In Photoshop, create a selection of the most important area and save it as an alpha channel. Now choose File: Save For Web. In the Preset section, the second drop-down list on the left is the Color Reduction algorithm. Next to it is a small mask icon. Click on this and select your alpha channel from the Channel drop-down list. Your color-reduction weighting changes to pull the maximum number of colors from the selected area, ignoring all but the locked colors outside the mask.

Optimize JPEG Files

There are fewer variables in optimizing a continuous-tone image, but you can still drop pixel poundage when you save it as a JPEG. Begin by downsampling (making the file smaller in resolution and dimension) before you optimize image quality. Caution: downsampling throws information away permanently.

To downsample, go to Save For Web, choose JPEG from the first drop-down menu, and click on the Image Size tab. Select Constrain Proportions, and under Quality, select Bicubic. Resize the image by typing a new width or height in pixels, or a fixed percent. Click on Apply.

Sixty percent is a good Web JPEG quality, but you can set Quality as low as 45 percent. Select Progressive to let viewers see the image build, and to slightly decrease the image size.

You can use weighted optimization for JPEGs, too. Say you’ve photographed a CD cover and inserts; the object quality is more important than the background. Save a selection of the artwork as an alpha channel. In Save For Web, choose the artwork’s preferred setting in the Quality input box. Click on the Mask button to the right of Quality. Then select the channel you saved. In the Quality bar, drag the arrows to set the quality range for the area outside the mask. Click on OK.

Optimize Your Interface

If you’re just beginning your site design, you can use preemptive strategies that guarantee a supermodel-slim interface. As you select colors and create your interface, open the file in Save For Web. Use the PNG optimizing techniques to build a master palette that contains the colors in your design. You’ll see immediately whether your design suffers from color bloat.

Save your master palette by selecting Save Color Table from the Color Palette menu, and you gain another optimizing benefit. When you update your portfolio site, you can load the master palette and select colors from it to build new artwork, maintaining color consistency and small sizes.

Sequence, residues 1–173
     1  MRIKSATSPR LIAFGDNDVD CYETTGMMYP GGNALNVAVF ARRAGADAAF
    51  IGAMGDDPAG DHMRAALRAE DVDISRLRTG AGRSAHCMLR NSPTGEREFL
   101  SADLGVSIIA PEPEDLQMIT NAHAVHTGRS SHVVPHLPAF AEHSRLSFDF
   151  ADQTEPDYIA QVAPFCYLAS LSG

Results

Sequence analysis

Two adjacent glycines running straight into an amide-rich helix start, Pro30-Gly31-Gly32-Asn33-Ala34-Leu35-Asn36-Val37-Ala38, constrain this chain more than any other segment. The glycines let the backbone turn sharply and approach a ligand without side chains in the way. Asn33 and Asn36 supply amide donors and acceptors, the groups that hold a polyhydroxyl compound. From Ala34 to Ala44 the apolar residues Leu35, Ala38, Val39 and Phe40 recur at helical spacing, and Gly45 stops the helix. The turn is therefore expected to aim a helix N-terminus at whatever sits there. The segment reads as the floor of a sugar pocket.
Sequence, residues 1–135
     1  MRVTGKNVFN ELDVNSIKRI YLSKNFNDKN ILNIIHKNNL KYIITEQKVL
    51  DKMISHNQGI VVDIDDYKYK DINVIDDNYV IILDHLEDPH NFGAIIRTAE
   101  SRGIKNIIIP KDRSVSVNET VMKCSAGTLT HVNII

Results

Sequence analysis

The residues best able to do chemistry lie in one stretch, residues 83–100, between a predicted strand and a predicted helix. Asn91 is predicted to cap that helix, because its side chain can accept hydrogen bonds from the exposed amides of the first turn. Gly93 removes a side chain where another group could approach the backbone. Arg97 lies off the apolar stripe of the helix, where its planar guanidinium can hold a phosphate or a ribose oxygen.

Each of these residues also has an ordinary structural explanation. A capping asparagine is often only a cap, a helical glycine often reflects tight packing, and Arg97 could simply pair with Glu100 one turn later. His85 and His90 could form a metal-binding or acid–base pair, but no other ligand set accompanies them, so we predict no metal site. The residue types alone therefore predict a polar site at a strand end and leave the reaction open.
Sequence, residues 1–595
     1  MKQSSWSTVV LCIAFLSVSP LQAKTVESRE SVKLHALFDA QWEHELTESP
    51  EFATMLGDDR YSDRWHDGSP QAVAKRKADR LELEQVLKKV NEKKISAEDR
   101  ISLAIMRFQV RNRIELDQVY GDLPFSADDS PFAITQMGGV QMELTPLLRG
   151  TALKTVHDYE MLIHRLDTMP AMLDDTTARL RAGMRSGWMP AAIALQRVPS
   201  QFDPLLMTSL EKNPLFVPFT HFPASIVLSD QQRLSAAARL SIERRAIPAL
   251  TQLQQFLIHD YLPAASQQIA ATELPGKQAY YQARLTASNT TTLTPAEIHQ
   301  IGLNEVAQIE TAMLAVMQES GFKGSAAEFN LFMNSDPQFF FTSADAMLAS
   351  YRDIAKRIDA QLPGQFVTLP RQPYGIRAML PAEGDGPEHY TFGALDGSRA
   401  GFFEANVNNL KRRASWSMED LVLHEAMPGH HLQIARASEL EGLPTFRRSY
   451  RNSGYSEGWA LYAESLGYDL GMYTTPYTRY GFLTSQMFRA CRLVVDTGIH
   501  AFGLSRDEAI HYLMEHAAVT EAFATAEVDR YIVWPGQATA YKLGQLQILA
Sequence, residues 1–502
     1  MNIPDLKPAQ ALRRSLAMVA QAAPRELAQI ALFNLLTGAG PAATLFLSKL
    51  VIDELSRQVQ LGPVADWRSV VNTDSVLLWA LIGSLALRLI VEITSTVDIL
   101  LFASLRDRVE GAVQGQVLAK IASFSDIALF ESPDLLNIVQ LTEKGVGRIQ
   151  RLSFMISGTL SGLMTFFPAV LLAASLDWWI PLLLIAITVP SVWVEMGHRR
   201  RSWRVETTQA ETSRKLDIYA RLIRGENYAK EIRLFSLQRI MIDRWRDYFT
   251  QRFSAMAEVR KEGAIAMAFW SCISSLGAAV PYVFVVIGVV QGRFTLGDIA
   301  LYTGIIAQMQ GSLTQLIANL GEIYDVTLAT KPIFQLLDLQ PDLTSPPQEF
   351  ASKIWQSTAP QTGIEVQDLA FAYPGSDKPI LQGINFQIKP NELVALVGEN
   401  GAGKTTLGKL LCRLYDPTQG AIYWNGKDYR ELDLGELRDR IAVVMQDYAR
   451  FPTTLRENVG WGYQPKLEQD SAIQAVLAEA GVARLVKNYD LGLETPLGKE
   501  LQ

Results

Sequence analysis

Optimizing a site’s interface is slightly different from optimizing portfolio samples. First, you slice the interface into smaller pieces so that it loads more efficiently. ImageReady, an application linked to Photoshop, has a slicing tool. Open it by clicking on the Edit In ImageReady button in Photoshop’s Save For Web window. Once sliced, the pieces must share colors to avoid color shifts, particularly at the slices’ seams.

To make several slices share a common palette, you use ImageReady. Use the Slice Select tool to choose the slices that should share a palette. Go to Slices: Link Slices For Optimization. Group-optimize the slices in ImageReady’s Optimization palette. If you change your mind (or change your colors), all the linked slices will change together.

Fast Equals Fair Shake

There’s no guarantee that your portfolio will land you a job. But with careful optimizing, you can be sure that a viewer will see enough of your work to judge you fairly.

Tip: Faster Flash

If you’ve built your portfolio site completely in Flash, you don’t need to optimize the interface. Flash creates vector art that’s already optimized. But you’ve probably imported your portfolio art as bitmaps. If you didn’t optimize that art before importing it, there’s no need to return to the original application and reimport each file—you can adjust JPEG quality right in Flash. Press Command-L to open the library, and control-click on a JPEG file to bring up the Properties menu. Deselect Use Imported JPEG Data, and a Quality input box will appear. Enter a level (from 0 to 100). Click on Test to see the visual result in the dialog box and to get a readout on the file-size result. Click on Update when you’re satisfied.

[ Cynthia Baron is the technical director for the Department of Visual Arts and the Multimedia Studies program at Northeastern University in Boston, and she is the author o f Designing a Digital Portfolio (New Riders, 2004). ]

Photoshop’s Save For Web window lets you compare the time savings—and color-reduction costs—of different optimization settings.